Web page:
The time has come when you realised you need extra propulsion and acceleration to help you get out to those unbroken waves. This ultimate guide on fins for bodyboarding will help you understand why you need fins and which ones to will suit your needs.
You’re standing in shallow water, bodyboard in hand as you watch with envy as bodyboarders way out yonder are catching some of the sweetest looking waves around.
You know you can catch them and you’re at the skill level that you’re happy with but you’re pooped! You are either simply too tired to swim against the strong currents or you just don’t have the power to give you the acceleration you need to catch the wave.
If this is you, the time has come to invest in a pair of bodyboard fins. In this article we help you understand more about fins for bodyboarding so that you can make an informed decision on the best pair to invest in.
Fins Do No Feel Like Shoes
While this may sound like its common sense, you’d be surprised how many people find the bodyboard fins difficult to use at the start.
This is because they started out with unrealistic expectations so we thought we’d set you straight so you don’t go down the same path.
The sides of the bodyboard fins are designed to be very stiff as they prevent the fins from bending too much when you are kicking. This will help you generate the power that you need which is the entire purpose of investing in these fins in the first place.
Because they don’t feel like shoes and it is so awkward to walk in them, I put them on close to the water.
The fins need to feel snug but not too tight but we will discuss a little later in this article about getting the best fit from your bodyboard fins.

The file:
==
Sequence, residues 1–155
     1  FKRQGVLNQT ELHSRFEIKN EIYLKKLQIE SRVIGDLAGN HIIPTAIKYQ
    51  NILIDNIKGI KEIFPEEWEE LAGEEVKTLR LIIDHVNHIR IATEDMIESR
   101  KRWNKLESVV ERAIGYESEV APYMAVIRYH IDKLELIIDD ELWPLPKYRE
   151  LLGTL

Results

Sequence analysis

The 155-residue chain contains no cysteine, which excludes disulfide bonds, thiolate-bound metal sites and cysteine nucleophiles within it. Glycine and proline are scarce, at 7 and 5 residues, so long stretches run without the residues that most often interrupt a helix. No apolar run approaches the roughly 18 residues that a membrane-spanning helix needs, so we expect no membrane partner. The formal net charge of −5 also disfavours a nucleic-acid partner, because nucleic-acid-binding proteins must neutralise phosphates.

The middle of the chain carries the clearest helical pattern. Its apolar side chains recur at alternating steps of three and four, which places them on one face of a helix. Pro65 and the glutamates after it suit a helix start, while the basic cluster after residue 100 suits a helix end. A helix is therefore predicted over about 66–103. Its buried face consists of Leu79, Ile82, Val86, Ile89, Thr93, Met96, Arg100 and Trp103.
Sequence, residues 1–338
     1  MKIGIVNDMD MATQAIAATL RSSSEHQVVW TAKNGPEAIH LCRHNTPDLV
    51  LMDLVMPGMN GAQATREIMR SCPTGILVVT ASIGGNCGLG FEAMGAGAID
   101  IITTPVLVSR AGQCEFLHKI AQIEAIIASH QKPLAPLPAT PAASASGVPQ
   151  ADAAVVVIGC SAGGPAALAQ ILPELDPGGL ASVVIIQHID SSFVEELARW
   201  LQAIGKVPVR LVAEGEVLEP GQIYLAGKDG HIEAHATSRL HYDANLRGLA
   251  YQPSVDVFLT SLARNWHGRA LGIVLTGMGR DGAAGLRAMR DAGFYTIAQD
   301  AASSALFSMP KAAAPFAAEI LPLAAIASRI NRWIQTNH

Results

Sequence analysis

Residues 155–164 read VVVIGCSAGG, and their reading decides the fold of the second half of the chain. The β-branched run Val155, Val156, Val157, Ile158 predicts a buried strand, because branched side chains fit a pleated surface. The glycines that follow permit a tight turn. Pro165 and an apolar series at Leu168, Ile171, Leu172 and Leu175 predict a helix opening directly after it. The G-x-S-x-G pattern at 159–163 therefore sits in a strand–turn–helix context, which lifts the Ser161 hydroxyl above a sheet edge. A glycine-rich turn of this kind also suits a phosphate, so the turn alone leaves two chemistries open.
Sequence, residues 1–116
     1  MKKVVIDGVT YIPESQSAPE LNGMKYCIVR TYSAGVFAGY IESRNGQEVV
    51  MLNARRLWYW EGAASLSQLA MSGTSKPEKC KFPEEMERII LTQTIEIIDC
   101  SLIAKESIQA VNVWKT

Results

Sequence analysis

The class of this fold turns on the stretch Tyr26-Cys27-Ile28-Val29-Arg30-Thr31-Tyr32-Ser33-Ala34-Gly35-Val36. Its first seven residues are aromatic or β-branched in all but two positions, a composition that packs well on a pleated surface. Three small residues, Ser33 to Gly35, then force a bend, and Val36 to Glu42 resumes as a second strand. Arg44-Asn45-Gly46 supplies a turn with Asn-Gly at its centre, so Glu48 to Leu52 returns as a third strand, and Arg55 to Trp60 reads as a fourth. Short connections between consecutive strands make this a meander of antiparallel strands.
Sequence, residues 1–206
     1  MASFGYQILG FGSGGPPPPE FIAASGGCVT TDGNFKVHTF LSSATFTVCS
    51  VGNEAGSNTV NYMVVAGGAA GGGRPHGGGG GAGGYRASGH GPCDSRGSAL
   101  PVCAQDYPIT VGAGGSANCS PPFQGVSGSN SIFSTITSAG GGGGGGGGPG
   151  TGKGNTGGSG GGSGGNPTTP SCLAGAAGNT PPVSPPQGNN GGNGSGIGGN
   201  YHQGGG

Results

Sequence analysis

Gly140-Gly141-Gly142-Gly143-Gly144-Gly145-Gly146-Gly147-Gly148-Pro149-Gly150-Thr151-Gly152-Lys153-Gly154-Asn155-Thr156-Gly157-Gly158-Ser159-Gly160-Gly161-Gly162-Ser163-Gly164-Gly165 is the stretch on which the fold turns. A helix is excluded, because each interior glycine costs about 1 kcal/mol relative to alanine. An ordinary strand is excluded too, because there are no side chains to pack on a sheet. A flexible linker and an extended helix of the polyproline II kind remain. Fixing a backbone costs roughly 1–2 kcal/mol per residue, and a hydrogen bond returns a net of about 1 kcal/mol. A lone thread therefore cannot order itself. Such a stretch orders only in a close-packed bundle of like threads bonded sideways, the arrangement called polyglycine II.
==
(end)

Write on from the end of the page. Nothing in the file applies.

Can I Use My Diving Fins?
Fins for bodyboarding are very different from scuba or snorkeling fins. You will struggle if you try to wear the longer fins while bodyboarding.
This is because the deep-water fins that divers wear are designed for longer, slower strokes for underwater propulsion, whereas the bodyboarding fin is stiffer and is perfect for the more compact surface water strokes and short bursts of power that you will need.
What Sizes Do Bodyboard Fins Come In?
This is a very general US sizing guide for bodyboard fins but it will give you an idea. Best to always check the sizing guide of the retailer if you’re purchasing online.
|GENERAL FIN SIZING CHART||WOMEN US||MEN US|
|S||6 – 8||5 – 6.5|
|M||8.5 – 10||7 – 8.5|
|ML||11 – 12||9 – 10.5|
|L||11 – 12.5||11 – 12.5|
|XL||15 – 16||13 – 14.5|
It is recommended that you purchase bodyboard fins from an actual bricks and mortar shop so you can try them on.
It’s much like buying shoes from a brand you don’t know online. You can always make an educated guess but until your feet are in those shoes, you’re never 100% sure it will fit properly.
Having poorly fitting bodyboarding fins can be a real problem and take away from your enjoyment of the sport.
Short vs Long Bodyboarding Fins
Shorter fins provide quick release for spins and if you need deeper bursts of power. If you love to do tricks, this is your best bet.